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IN THE NEWS: Coalition Forum Seeks Collaboration on Homelessness
February 16, 2011

By Kathy Keeser
Special to iBerkshires
11:58AM / Wednesday, February 16, 2011

Jay Levy of Eliot Community Human Services said the agency has an outreach worker who visits area shelters.
NORTH ADAMS, Mass. — Collaboration is the first step in dealing with the issue of homelessness in Berkshire County, as evidenced at the Northern Berkshire Community Coalition's monthly forum on Friday as participants rallied around a woman who had no place to go.

The woman announced announced her situation near the beginning of the meeting and pleaded for help. Soon, she had a small group of people representing various agencies with resources and a couple of concerned citizens working together to find solutions to her situation. While they may not have completely resolved her problem, they worked together to learn what was already in place and what else could be done. She had their attention.   

Finding help for the homeless is not a quick, simple solution.

"It has changed over the past five years that I have been in it," said state Sen. Benjamin B. Downing.  "It was the problem of chronic homelessness, now the need for emergency housing has shot through the roof. The population of need has grown, while the resources have gone down. Various factors in the economy (loss of jobs, mortgage foreclosure, etc.) have come together to change the problem."

Often when someone is homeless, the people trying to help may not know whom to call. Police and others often think to call the Salvation Army, but the Salvation Army does not have a shelter or many resources to deal with homelessness. Police in Berkshire County have often been willing to transport individuals to shelters in a real emergency.  

One option is to call Berkshire County Regional Housing Authority at 413-443-7138 or 1-800-248-9002. BCRHA staff can help to determine eligibility for shelters, and also has other housing support services including housing searches, tenant/landlord mediation, etc.  

For emergency placements, there are limited numbers in Berkshire County. Barton's Crossing in Pittsfield (413-442-1445) does have staff available 24 hours on call for case management and with emergency beds usually available on a first-come, first-served basis, with check in by 4 p.m. and out the next day at 7 a.m. Their beds do not have to go through the state eligibility system. Barton's Crossing is only for men or women; no children.   

Louison House is transitional housing, not an emergency shelter, but can sometimes house individuals on an emergency basis for an evening or over the weekend, then other programs and resources need to take over. Because Louison House is transitional housing with families and children, staff have to make sure that anyone coming to the house on an emergency basis will not be a danger to the families, especially the children. The staff at Louison House, Family Life Support, is also helpful and knowledgeable and will do what they can to get people to the right resources. 

Eliot Community Human Services of Western Massachusetts has an outreach worker based in Pittsfield who visits all three area shelters (Barton's Crossing and Our Friend's House in Pittsfield and Louison House in Adams) to work with individuals and families for further supportive services needed. Jay Levy, the regional manager for Western Mass., can be reached at 413-587–6427.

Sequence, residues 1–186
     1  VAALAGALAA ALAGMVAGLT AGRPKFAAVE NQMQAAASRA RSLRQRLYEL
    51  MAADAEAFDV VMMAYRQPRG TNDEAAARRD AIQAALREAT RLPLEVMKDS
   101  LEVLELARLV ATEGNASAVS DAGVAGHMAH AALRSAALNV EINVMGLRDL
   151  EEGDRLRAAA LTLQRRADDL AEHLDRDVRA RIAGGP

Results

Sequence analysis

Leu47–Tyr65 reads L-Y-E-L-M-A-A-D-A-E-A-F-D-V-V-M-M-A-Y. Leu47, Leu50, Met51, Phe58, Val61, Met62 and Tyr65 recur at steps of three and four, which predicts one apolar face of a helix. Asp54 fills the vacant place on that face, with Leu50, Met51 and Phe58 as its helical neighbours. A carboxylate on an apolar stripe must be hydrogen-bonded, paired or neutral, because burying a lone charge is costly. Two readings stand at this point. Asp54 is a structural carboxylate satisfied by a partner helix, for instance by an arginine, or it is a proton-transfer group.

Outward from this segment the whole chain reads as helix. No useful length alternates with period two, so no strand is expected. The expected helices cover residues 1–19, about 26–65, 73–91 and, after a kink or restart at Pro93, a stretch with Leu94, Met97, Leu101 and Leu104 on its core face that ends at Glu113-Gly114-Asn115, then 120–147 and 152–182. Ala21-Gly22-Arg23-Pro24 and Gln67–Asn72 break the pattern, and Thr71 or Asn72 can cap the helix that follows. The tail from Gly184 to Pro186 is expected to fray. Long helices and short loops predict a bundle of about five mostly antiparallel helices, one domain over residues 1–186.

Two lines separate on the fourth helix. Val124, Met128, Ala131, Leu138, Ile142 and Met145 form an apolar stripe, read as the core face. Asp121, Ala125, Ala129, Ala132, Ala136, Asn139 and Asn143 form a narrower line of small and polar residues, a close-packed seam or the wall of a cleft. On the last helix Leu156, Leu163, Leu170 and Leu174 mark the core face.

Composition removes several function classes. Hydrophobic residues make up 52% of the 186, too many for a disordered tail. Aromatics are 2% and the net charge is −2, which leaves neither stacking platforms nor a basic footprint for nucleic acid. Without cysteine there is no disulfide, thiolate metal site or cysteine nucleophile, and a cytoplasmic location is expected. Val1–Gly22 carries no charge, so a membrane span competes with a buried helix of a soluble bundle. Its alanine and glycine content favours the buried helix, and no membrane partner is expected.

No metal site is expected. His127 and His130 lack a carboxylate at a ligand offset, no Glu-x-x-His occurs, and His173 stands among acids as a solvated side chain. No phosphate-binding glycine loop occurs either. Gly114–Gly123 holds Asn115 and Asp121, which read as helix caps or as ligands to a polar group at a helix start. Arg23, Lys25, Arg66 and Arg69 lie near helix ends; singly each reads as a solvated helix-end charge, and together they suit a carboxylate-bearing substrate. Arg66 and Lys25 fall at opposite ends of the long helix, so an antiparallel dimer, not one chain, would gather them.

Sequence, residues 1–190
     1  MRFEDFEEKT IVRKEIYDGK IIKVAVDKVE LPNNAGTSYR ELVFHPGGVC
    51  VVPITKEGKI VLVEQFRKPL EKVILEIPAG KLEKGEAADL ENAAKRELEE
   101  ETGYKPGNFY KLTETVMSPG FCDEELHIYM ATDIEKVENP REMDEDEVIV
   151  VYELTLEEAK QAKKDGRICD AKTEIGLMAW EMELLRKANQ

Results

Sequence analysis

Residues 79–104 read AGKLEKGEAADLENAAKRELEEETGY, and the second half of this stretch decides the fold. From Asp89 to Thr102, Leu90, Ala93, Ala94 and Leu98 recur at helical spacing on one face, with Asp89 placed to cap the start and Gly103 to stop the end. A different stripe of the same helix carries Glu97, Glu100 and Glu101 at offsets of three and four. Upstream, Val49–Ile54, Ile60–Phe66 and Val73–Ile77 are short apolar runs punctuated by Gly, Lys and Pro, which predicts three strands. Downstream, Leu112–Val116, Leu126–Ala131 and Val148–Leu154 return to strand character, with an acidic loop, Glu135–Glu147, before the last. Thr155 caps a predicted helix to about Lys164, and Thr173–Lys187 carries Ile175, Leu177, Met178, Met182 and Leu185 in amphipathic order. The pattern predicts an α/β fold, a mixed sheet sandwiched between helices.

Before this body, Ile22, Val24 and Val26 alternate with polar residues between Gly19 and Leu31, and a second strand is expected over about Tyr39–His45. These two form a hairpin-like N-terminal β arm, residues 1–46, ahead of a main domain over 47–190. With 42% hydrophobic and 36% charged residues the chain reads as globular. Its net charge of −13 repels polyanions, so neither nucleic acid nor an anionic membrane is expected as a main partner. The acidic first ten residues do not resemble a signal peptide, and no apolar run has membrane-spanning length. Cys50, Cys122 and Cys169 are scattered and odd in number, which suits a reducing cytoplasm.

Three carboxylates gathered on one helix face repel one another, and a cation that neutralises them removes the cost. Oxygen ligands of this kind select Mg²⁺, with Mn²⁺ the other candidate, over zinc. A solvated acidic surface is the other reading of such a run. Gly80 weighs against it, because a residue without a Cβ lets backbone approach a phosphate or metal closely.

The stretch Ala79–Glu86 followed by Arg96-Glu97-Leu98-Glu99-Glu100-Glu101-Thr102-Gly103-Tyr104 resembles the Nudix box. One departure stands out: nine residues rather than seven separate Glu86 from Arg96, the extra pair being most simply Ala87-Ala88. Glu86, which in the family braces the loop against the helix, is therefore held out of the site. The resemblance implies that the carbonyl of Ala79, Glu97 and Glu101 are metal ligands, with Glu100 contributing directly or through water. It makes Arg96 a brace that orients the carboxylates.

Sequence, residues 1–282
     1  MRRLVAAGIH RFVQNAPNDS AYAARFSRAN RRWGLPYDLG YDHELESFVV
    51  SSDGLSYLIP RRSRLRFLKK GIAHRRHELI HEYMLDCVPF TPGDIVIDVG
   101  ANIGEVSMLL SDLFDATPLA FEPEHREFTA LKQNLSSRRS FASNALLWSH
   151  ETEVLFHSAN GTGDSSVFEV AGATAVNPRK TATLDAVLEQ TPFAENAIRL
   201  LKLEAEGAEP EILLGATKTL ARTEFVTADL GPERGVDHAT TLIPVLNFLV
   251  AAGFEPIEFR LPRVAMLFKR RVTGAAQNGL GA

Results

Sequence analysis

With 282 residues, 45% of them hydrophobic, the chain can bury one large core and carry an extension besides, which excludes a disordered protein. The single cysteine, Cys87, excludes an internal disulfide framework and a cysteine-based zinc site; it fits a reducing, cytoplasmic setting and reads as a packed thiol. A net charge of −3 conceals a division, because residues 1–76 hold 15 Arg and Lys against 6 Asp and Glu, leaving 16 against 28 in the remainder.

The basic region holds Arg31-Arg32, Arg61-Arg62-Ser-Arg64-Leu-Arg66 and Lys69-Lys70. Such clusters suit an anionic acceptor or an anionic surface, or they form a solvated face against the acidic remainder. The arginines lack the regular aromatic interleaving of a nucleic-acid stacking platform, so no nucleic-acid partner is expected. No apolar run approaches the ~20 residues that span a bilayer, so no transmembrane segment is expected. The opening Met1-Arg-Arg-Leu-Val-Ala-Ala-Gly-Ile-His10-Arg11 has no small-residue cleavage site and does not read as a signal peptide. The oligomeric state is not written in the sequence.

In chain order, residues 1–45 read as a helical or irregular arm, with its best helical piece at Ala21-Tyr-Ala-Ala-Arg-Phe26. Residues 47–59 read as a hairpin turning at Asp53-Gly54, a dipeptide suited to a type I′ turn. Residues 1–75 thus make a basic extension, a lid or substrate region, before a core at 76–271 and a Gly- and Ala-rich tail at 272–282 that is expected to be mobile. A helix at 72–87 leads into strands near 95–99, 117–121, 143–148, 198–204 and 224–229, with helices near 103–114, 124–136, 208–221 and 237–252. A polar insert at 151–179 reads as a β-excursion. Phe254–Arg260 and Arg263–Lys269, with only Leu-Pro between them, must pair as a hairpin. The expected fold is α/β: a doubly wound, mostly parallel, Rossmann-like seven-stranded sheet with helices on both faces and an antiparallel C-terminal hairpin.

A new collaboration led by Co-Act offers individuals who are unemployed or homeless (even if living in a shelter, most have to leave the shelter during the daytime) shelter two days a week at First United Methodist Church in Pittsfield for showers, use of computers and to talk with one of the many volunteers from 23 area organization for help with their needs.    

Each of the programs does a good job to meet what needs it can, providing a piece of the puzzle that is homelessness. There are still gaps and obstacles in the system that make it harder to meet the growing needs of the homeless in Berkshire County. 

When in a crisis and becoming or already homeless, calling a resource number often means leaving a message for the staff but the individual or family may not have access to a reliable phone number for return calls.  

SafeLink Wireless is a government-supported program, (established in 1984, enhanced in the Telecommunications Act of 1996, and created by TracFone Wireless Inc.) that provides a free cell phone and a free airtime monthly plan for income-eligible customers. To apply, call 1-800-SAFELINK or enroll at

To enroll in SafeLink, to obtain or continue to receive benefits from state agencies, and to access computers at public libraries, a mailing address is needed. Often someone homeless does not have an address they can use. 

"We need to advocate with the state so we can work as a region to meet needs in a more expeditious manner, to be more responsive and to work toward a scattered site model throughout the county, rather than congregate housing (shelters as they exist currently)," said Brad Gordan, executive director of the Regional Housing Authority). Gordan explained that often shelters in the Berkshires are occupied by folks from out of the area and who don't want to be here; they want to be where they have supports. The policies for placement in shelters are often cumbersome and time-consuming. 

While area resources struggle to meet the growing county homeless needs for placements, the bigger picture comes to mind. What about means to deal with the roots of homelessness and finding ways to prevent more people becoming homeless? Would prevention not be less costly for our area?


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